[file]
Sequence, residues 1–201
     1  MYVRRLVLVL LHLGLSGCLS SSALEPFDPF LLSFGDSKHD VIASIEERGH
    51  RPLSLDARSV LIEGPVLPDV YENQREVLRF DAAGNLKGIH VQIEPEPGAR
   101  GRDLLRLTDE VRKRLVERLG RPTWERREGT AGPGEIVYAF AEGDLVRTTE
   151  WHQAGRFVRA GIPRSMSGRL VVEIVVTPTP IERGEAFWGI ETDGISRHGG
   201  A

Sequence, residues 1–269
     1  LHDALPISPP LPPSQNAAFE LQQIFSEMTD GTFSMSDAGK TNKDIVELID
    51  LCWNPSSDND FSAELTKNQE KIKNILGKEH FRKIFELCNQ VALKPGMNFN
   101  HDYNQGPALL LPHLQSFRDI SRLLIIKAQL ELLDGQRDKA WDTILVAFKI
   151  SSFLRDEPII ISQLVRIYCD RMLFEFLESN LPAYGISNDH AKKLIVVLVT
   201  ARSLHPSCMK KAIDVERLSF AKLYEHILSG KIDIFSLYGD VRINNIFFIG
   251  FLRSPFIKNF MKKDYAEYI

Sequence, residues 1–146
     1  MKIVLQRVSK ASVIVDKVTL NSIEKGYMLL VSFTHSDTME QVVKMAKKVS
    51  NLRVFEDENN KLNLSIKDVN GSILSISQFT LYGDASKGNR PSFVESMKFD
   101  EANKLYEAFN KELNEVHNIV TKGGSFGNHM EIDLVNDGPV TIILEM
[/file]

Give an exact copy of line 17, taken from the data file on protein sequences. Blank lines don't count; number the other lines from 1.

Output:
   101  EANKLYEAFN KELNEVHNIV TKGGSFGNHM EIDLVNDGPV TIILEM